In addition to the above data, it has been observed that H2O2 activates the mitogen activated protein kinase (MAPK) pathway [14,15,16]. This pathway consists mainly of three types of cascade, extracellular signal regulatory kinase (ERK), c-jun N-terminal kinase (JNK) and p38 cascades. When the MAPK (ERK, JNK and p38) pathway is stimulated by oxidative stress, each of the cascades is activated by phosphorylation to exert a different physiological action . Among these cascades, ERK phosphorylation mediates cell proliferation in bronchial epithelial cells [18, 19]. Therefore, it may be considered that inhibition of ERK phosphorylation causes cell death in bronchial epithelial cells. The cytoprotective action of CAM may be associated with the increase in phosphorylation against H2O2-induced cell dysfunction. However, there are no reports describing the direct effects of CAM on ERK phosphorylation induced by H2O2.
In this study, we examined the effect of CAM on H2O2-induced expression of GPx-1, GR, SOD, HO-1 and CAT in SAECs under the same conditions previously demonstrated to show the cytoprotective effect of CAM . In addition, we investigated the effect of CAM on H2O2-induced ERK phosphorylation in SAECs.
CAM, H2O2 (30%), dimethylsulfoxide (DMSO), NaN3, the WST-8 (2-(2-methoxy-4-nitrophenyl)-3-(4-nitrophenyl)-5-(2,4-disulfophenyl)-2H-tetrazolium) assay system, and 5,5′-dithiobis(2-nitrobenzoic acid) (DTNB) were purchased from Wako Pure Chemical Industries, Ltd. (Osaka, Japan). Mouse anti-phosphorylated ERK and anti-total ERK monoclonal antibodies, and U0126 were from Cell Signaling Technology (Tokyo, Japan). GSH, GSSG, EDTA and mouse anti-β-actin monoclonal antibody were from Sigma-Aldrich Chemical Co. (St. Louis, MO, USA). GR (from yeast) and NADPH were from Oriental Yeast Co., Ltd. (Tokyo, Japan). Dulbecco’s phosphate-buffered saline (DPBS) and phosphate-buffered saline (PBS) at pH 7.4 were from Gibco BRL (Grand Island, NY, USA). Triton-X was from IBI Scientific (Kapp Court Peosta, IA, USA). All other chemicals used were of reagent grade.
Cell culture and treatments
Cell culture and treatments were according to methods described previously . Briefly, SAECs, cells of a normal human small airway epithelial cell line, and SAEC culture media were purchased from Lonza (Walkersville, MD, USA). Cells were seeded in 75-cm2 filter vent flasks (Corning, NY, USA) and grown to 80% confluence (3 × 106 cells/well) for each experimental condition, at 37 °C in a humidified atmosphere of 5% CO2 and 95% air. The culture medium was changed on day 1 and subsequently every 2 days. Cells were passaged by trypsinization, and cultures between passages 3 and 9 were used for all experiments. Cells were cultured in the presence or absence of CAM (1, 5 or 10 μM) for 72 h and then stimulated with H2O2 (100 μM) for an additional 0.5–2 h. Neither 1, 5 μM (low) or 10 μM (high) CAM nor 100 μM H2O2 affected SAEC proliferation or viability (see Additional files 3 and 4). Based on our previous study , the long-term treatment with CAM was set at 72 h. Pretreatments with CAM were carried out with a different set of cells for each concentration. In addition, cell stimulation with H2O2 was performed as follows in order to determine the point at which the effect of H2O2 treatment was the strongest. For stimulation of the cells with H2O2, the medium was changed to small airway basal medium (SABM) containing no supplements, since bovine pituitary extract and serum may include antioxidants, chelators of transition metal ions, and high-density lipoproteins . CAM was dissolved in DMSO at a final concentration of 10 mM and then diluted with distilled water or culture medium to the desired concentrations. The final concentration of DMSO was less than 0.1%. CAM solution used for experiments was prepared immediately before use.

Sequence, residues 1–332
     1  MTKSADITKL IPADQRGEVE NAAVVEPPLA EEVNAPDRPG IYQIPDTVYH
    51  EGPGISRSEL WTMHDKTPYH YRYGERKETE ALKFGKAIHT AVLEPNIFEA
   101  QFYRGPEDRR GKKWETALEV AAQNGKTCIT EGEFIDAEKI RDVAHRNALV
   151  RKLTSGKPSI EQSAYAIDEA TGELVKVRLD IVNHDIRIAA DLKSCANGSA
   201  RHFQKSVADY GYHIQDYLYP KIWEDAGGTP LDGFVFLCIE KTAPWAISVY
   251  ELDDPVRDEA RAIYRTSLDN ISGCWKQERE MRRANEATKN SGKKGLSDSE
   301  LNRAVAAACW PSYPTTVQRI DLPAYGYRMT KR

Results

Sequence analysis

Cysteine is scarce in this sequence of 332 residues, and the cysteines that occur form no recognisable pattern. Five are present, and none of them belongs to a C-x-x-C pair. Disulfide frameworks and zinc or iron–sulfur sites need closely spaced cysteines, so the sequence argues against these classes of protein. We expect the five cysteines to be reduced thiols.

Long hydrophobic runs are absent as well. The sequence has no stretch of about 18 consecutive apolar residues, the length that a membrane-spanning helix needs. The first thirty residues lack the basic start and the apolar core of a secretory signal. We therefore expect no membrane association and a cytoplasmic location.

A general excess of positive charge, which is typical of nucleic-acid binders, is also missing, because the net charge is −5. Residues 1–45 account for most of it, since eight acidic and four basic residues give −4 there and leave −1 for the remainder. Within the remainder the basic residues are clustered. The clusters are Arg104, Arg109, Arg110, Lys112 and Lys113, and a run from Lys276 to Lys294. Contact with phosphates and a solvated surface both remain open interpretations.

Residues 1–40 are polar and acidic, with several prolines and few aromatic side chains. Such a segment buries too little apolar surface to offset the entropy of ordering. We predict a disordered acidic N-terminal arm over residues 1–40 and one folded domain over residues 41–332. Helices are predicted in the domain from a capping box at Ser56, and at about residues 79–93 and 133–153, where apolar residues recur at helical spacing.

GPx-1 activity was measured using NADPH consumption as an index . SAECs (5 × 105 cells/well) on 12-well plates were pretreated with CAM (1, 5 or 10 μM) for 72 h and then stimulated with H2O2 (100 μM) for 1.5 h. Cells were washed with DPBS and then solubilized with PBS (220 μL) containing 0.1% Triton-X and incubated at − 20 °C for 10 min. After incubation, the cell lysate was centrifuged at 10,000×g for 10 min at 4 °C. GPx-1 activity in the cell lysate was measured spectrophotometrically using a method based on the decrease in absorbance at 340 nm due to the oxidation of NADPH in the presence of GSH and GR. This assay system consisted of 50 mM PBS (pH 7.6, 150 μL) containing 1 mM NaN3, 1 mM EDTA, 1 mM GSH, 0.2 mM NADPH, 1 U/mL GR, sample (50 μL), to which H2O2 (250 μM) was added to start the reaction. GPx-1 activities were calculated using the molar extinction coefficient value at 340 nm of 6.22 mM− 1 cm− 1, and are expressed as a ratio (%) to changes in H2O2 untreated cells.
Real-time RT-PCR for GPx-1 and HO-1 mRNAs